The 4c’s of Diamonds

The 4 Cs of Diamonds

The 4 Cs, as they are known within the jewelry industry, are the standard way to measure the beauty, craftsmanship and value of a diamond.





Diamond Cut

The term “diamond cut” refers to the quality of a diamond’s proportion and Symmetry. These elements determine how much light a diamond captures and reflects, and therefore how much it sparkles. This is a direct result of the skill of the craftsman who shaped and cut the diamond.

There are four grades of diamond cut: Ideal, Very Good, Good and Poor.

If you compare two diamonds of different cuts grades, you will see that the higher cut grade has significantly more sparkle. There will also be a difference in their prices, with the better cut grade commanding a higher price. Of the 4 Cs, cut is generally recognized as the most important, since it has the greatest impact on a diamond’s appearance and quality.


The Four Diamond Cut Grades

A comparison of the four diamond cut grades.


Tremendous sparkle. Excellent polish and symmetry.


Lots of sparkle. Great polish and symmetry.


A good amount of sparkle. Sufficient polish and symmetry.


Will not sparkle very much. Unsatisfactory polish and symmetry.

*We do not carry poor cut diamonds.



Diamond Clarity

Clarity refers to a diamond’s natural inclusions, or lack thereof. While small marks within a diamond are natural, their appearance can leave something to be desired if they are visible to the Naked Eye.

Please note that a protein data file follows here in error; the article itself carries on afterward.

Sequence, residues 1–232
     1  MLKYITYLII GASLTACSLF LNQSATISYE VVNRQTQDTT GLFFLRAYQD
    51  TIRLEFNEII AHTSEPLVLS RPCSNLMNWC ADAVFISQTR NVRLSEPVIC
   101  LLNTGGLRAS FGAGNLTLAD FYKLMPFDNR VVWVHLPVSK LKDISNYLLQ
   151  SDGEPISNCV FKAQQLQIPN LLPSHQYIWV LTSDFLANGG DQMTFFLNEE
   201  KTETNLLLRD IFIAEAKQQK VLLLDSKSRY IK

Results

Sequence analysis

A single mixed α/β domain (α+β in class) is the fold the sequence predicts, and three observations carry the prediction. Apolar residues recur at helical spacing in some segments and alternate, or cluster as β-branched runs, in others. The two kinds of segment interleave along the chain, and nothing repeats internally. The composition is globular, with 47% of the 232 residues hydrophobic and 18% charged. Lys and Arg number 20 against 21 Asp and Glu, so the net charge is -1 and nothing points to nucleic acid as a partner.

The shape of a diamond can affect the importance of its clarity grade. The facet patterns of the brilliant-cut diamond shapes such as round and princess can hide certain imperfections, but step-cut shapes such as emerald and Asscher have large, open tables that make inclusions more obvious.

If you want to rest assured that your diamond will display a clean and stunning brilliance, a clarity grade of SI or higher is recommended for all diamond shapes.


Why does clarity matter? The clearer a diamond, the more brilliant it is. As you go down the clarity scale, inclusions get more noticeable and disrupt the light flowing through the diamond. This means that diamonds with lots of inclusions are less brilliant and may even look a bit scratched or dirty to the casual observer.


Diamond Color

Though it may seem counter intuitive, a diamond’s color grade actually measures how little color it reflects.

The diamond color grading scale begins with “D” and ranges down to “Z”. A diamond assigned a grade of “D” has absolutely no color — it looks pure white, even to a gemologist inspecting it carefully under 10X magnification. On the other hand, a diamond assigned a grade of “Z” looks yellow or brownish.


Diamond Carat

Carat is the measure of how much a diamond weighs. Carat is also related to size (how big a diamond looks), although it’s not the only factor that determines size.

Depending on shape, weight distribution and cut quality, two diamonds with the same carat weight can be different sizes.

It’s worth noting that some diamonds are cut solely with an emphasis on weight. These gems can sacrifice brilliance and symmetry in favor of delivering a larger carat figure.